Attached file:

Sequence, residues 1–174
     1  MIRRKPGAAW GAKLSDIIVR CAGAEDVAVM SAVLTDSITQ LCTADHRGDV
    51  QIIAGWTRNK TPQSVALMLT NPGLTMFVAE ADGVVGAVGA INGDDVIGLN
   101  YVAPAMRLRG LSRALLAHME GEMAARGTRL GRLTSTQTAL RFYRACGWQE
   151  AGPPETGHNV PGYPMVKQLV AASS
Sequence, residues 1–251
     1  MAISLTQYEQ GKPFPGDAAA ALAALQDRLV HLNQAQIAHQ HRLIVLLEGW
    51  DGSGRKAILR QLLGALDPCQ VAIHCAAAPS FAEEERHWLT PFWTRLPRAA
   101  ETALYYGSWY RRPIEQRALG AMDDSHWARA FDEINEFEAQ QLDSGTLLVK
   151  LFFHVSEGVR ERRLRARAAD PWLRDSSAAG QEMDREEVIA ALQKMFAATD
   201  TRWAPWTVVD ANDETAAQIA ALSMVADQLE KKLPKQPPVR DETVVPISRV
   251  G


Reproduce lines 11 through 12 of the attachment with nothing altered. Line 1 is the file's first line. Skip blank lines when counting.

   201  TRWAPWTVVD ANDETAAQIA ALSMVADQLE KKLPKQPPVR DETVVPISRV
   251  G